"It'll begin a whole new marketing era," says Don Stuart, partner at Cannondale Associates.
Among strictures, the agreement disallows continuity marketing programs (Marlboro Miles, Camel Cash); eliminates collateral materials (apparel with tobacco brand names); bans outdoor advertising and limits point-of-sale promotions to behind the counter containing only b&w text; disallows event sponsorship; a forbids people in print ads.
In short, the agreement will redefine completely the way the volumes of dollars now spent on tobacco marketing and promotion will shake out.
"I would think that based on the cost structures [of the pending agreement] marketers will prune. The weaker brands will not be as supported as strongly," says Paul Kelly, president of Silvermine Consulting.
MORE LOOSE DOLLARS
But one veteran tobacco watcher doesn't agree. "The more difficult they make it to market, the more dollars tobacco marketers will have to spend," says Davenport & Co. analyst Jack Maxwell. "It happened with radio and TV. When they stopped using that [media], more money went to print."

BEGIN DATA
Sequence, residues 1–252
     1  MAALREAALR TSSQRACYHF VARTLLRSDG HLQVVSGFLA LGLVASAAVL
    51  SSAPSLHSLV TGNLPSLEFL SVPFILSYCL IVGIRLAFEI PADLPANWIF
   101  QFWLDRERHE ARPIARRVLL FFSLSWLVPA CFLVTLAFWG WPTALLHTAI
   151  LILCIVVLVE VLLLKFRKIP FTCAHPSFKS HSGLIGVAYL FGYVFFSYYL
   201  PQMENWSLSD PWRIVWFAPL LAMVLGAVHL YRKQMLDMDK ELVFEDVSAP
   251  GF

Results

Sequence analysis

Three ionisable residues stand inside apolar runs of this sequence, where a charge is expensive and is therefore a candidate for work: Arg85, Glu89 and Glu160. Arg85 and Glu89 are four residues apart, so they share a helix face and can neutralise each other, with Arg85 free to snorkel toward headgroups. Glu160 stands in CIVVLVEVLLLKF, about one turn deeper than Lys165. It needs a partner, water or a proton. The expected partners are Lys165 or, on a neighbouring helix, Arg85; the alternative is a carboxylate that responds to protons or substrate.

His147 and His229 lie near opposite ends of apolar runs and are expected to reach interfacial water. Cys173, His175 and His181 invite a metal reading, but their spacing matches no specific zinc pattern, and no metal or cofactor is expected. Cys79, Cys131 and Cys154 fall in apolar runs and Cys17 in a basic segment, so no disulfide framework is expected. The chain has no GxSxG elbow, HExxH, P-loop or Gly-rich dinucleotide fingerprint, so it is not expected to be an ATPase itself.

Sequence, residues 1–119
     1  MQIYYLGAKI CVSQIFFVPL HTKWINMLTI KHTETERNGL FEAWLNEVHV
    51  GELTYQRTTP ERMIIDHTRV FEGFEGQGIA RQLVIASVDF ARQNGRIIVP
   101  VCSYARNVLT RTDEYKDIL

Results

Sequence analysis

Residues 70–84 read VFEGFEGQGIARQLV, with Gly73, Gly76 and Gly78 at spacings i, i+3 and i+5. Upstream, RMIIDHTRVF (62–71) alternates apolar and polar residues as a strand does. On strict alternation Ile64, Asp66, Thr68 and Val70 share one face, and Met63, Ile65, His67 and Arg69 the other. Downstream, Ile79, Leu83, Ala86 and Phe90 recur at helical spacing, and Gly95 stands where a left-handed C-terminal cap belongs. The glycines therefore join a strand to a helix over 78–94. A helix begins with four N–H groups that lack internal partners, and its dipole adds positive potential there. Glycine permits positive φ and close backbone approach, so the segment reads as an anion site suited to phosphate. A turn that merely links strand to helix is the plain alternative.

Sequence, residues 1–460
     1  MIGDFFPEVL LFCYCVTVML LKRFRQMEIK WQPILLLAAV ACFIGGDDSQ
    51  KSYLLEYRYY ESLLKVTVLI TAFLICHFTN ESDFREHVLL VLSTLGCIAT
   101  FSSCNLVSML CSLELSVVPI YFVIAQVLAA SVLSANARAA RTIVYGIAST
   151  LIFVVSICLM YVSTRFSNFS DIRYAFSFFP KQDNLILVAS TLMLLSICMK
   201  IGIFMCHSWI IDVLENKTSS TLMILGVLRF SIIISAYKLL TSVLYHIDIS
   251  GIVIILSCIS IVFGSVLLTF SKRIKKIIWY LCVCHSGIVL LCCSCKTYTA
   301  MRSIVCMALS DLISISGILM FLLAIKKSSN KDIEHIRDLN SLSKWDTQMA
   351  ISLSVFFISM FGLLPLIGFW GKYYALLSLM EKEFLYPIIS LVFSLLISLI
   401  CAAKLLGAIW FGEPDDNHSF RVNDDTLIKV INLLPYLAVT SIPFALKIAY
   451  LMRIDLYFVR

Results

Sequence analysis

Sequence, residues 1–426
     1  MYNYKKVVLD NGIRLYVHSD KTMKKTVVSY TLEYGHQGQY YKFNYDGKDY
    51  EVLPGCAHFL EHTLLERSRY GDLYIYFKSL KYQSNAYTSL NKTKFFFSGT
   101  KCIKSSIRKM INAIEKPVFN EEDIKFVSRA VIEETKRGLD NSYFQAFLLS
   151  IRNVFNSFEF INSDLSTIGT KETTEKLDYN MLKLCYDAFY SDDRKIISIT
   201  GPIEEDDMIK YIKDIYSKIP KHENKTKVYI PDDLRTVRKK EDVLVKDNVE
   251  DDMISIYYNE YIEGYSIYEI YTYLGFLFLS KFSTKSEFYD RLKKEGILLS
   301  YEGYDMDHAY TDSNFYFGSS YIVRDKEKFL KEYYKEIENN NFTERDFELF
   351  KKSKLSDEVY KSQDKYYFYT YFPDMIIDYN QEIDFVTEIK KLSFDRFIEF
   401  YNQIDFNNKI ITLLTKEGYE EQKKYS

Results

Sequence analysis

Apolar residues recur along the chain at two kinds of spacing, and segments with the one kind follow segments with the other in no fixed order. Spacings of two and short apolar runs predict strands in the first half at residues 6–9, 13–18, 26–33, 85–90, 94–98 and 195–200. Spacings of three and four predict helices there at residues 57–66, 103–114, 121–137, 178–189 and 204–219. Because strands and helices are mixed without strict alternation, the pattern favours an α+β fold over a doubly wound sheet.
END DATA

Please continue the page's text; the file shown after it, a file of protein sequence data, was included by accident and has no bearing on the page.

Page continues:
The issue also may not be how much is spent but where it's spent. Mr. Kelly says he expects more in-store marketing in tobacco-only stores where, because patrons must be age 21 or over, it's believed A new*era
restrictions would be the most lax.
Brands likely to be most supported will be those that now have campaigns that can easily translate to a people-less creative strategy. Philip Morris seems best-positioned: Marlboro ads show western images; Virginia Slims plays on women's lib without women; Benson & Hedges cigs slouch in chairs and hammocks.
The No. 2 marketer, R.J. Rey- nolds Tobacco Co., may have a tougher time. With Joe Camel now sidelined, it's hoping its new stylized Camel appearing in outdoor boards without any copy is strong enough to be associated with Camel in the new marketing environment.
Winston's new no-additives campaign themed, "No bull," from Long Haymes Carr, Winston-Salem, N.C., is heavy on b&w type and light on photos.
STRONG TO SURVIVE
Lorillard's Newport might also be well-positioned, with its "Pleasure" theme. Although the images of fun-loving men and women wouldn't be allowed, the word itself, long associated with Newport, would.
Studies chronicled by the Tobacco Institute trade group have shown that in countries where tobacco advertising has been eliminated, market shares freeze. If that were the case in the U.S., it would leave Philip Morris and Marlboro